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DSC Tech Library

CRM Solutions

CRM Customer Relationship Management This section of our technical library presents information and documentation relating to CRM Solutions and Customer relationship management software and products. Providing customer service is vital to maintaining successful business relationships. Accurate and timely information provided in a professional manner is the key to any business and service operation. Our CRM software application TELEMATION, was developed with this in mind. But the ability to change is just as important in this ever changing business environment. Telemation call center software was designed from the very beginning for this environment. Many call center managers, with unique and changing requirements, have chosen and continue to use our CRM software as their solution of choice. Our contact center CRM solution is ideally suited for call center service bureaus.

When Brands Become Invisible

By: Stephen Shaw, VP CRM Strategy, Go Direct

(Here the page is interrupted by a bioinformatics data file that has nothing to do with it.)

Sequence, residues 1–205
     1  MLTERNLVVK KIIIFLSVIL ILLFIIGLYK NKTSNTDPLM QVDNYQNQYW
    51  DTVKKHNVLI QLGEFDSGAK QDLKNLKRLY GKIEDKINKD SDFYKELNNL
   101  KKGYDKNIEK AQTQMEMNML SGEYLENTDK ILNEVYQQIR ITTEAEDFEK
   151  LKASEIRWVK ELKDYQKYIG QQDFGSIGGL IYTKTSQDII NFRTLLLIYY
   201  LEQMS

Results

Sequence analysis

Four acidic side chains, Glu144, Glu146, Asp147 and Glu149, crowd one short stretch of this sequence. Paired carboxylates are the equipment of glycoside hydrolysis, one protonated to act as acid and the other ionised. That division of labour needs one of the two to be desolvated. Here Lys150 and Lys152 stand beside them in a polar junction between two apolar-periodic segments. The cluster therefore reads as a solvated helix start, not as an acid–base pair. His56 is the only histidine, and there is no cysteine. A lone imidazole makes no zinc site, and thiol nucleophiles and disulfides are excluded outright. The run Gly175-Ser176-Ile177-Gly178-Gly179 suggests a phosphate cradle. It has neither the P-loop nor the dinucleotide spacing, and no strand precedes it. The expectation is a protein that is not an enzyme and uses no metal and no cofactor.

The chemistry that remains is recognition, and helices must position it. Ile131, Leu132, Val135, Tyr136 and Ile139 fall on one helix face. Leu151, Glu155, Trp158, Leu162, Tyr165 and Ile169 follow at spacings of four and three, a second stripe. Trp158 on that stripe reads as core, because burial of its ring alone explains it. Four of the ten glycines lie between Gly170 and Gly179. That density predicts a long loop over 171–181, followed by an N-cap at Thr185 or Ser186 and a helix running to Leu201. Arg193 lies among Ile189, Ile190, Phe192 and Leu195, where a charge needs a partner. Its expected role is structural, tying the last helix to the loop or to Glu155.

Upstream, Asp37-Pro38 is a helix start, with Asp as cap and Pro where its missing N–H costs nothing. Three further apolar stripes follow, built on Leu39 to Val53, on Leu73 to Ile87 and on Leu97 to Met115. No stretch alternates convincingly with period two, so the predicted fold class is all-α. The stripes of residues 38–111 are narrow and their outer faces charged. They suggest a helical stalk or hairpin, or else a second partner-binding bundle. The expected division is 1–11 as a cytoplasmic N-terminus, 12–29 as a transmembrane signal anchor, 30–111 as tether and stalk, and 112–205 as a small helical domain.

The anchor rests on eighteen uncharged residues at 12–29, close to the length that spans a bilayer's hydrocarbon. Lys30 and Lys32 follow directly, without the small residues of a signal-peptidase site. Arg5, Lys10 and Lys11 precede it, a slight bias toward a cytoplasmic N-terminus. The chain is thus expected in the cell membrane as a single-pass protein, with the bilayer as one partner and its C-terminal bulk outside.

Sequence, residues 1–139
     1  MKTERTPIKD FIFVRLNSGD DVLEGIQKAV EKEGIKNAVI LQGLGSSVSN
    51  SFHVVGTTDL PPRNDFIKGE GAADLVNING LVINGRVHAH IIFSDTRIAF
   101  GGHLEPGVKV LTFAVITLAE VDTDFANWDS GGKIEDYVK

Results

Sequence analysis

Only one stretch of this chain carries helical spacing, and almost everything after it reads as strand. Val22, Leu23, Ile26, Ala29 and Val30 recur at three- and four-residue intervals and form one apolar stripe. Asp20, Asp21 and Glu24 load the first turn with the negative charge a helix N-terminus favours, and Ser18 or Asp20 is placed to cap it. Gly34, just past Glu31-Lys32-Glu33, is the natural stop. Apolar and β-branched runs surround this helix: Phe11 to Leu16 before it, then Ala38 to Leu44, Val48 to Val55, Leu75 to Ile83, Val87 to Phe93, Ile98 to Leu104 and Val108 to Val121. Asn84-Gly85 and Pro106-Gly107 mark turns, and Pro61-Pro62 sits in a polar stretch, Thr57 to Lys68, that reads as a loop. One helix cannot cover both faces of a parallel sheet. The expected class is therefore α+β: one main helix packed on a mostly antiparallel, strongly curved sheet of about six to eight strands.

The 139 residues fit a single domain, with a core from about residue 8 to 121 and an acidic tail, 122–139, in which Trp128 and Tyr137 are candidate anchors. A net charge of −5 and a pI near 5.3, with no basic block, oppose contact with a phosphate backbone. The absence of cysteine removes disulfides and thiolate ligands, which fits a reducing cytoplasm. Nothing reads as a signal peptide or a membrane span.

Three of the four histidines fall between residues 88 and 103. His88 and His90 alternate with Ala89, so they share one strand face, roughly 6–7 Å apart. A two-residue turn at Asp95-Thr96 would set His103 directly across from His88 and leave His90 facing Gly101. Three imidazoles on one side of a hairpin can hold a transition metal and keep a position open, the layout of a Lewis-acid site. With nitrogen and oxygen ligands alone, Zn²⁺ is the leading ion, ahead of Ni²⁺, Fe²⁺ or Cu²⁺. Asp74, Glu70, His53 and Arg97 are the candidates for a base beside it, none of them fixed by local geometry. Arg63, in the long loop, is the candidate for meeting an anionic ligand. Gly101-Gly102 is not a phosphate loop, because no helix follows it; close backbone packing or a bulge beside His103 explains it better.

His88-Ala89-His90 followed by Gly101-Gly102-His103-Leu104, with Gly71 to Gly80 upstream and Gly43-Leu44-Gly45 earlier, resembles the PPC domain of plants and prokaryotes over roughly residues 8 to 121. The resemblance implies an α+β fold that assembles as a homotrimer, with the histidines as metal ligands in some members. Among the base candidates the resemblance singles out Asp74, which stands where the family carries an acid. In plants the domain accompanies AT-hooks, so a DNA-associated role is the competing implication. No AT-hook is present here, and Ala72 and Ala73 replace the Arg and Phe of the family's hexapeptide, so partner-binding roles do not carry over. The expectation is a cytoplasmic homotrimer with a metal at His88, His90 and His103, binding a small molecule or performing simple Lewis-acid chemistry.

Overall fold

To reach the consumers of the future, brand marketers will first have to reach out to them

In the crime thriller “Minority Report”, set 50 years in the future, Tom Cruise’s character goes into a Gap store where a retina scan of his eyes triggers the smiling image of a woman on a large video monitor who greets him by saying: “Good afternoon, Mr. Yakamoto, how did you like that three-pack of tank tops you bought last time you were in?".

The movie depicts a totalitarian world in which digital marketing has grown so pervasive that consumers are oblivious even to animated billboards that shout out to them by name as they pass. Farfetched? Not given today’s marketing culture, where intrusiveness is mistaken for intimacy. But there’s another reason to think it could happen: broadcast TV may no longer be an effective option for advertisers.

The households of the future are likely to be cloaked by ad avoidance technologies. Even today the lowly VCR can be programmed to automatically advance past commercials on playback. And more versatile digital devices like Personal Video Recorders, just now infiltrating the marketplace, will make it even easier to zap ads (in fact, 70% of PVR owners already do so). Eventually, they’ll be commonplace, forever changing the way people watch TV.

If no one watches commercials anymore it will effectively mean the end of mass marketing, stranding those brands that kept advertising on free TV in the forlorn hope that someone was watching. As Michael Lewis points out in his book “Next”: “For the big brands, life without television is no life at all”. Since brands have traditionally been built on high visibility, what will happen when they become invisible?